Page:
• Heat – There must be functioning heating facilities that conformed to applicable law at the time of installation and that are maintained in good working order.
  • Lighting – Electrical lighting, with wiring and electrical equipment that conformed to applicable law at the time of installation, must be maintained in good working order.
  • Clean Common Areas – Common areas and areas under the control of the landlord must be kept reasonably clean, sanitary, and free from all accumulations of debris, filth, rubbish, and garbage and have appropriate extermination in response to the infestation of rodents or vermin.
  • Pest Control Measures – There must be appropriate extermination measures taken in response to the infestation of rodents or vermin.
  • Sanitation – There must be an adequate number of appropriate exterior receptacles for garbage and rubbish, in good repair.
  • Floors, Stairs, Railings – Floors, stairways, carpets, and railings must be maintained and kept in good repair.
  • Locks – There must be locks on all exterior doors and locks or security devices on windows designed to be opened that are maintained in good working order.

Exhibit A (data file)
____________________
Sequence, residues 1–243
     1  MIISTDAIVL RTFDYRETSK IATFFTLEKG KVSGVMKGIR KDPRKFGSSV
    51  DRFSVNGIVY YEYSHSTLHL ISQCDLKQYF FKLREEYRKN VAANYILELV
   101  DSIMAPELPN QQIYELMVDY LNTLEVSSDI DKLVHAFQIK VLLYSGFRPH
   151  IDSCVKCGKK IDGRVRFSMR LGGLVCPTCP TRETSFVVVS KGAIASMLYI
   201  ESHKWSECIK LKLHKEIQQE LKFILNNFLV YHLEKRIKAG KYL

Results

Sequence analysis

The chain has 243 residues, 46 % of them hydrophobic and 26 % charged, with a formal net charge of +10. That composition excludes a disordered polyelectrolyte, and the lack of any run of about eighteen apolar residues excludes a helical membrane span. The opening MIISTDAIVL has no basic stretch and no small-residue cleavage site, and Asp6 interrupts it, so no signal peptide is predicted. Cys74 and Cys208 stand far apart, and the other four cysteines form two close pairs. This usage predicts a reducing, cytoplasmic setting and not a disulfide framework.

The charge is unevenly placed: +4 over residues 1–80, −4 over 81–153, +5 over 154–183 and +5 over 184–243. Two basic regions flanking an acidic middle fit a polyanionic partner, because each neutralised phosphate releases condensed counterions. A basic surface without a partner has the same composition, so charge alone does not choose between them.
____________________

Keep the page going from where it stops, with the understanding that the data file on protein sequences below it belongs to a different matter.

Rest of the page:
• Compliance With Codes – The premise must comply with all applicable building, housing, and health codes, which, if violated, would constitute a condition that materially affects or is dangerous or hazardous to a tenant’s health or safety.
  • Absence of MoldRecent amendments to this bill state that the absence of mold is another requirement of a habitable residence.
  • Appliances – Recent amendments to this bill also state that functioning appliances that conformed to applicable law at the time of installation, and that are maintained and in good working order are another requirement.

Unless otherwise stated in section 38-12-506 of the bill, a residence must comply with these regulations –prior to being rented out. So landlords, make sure your properties are fit for purpose before you start running rental ads!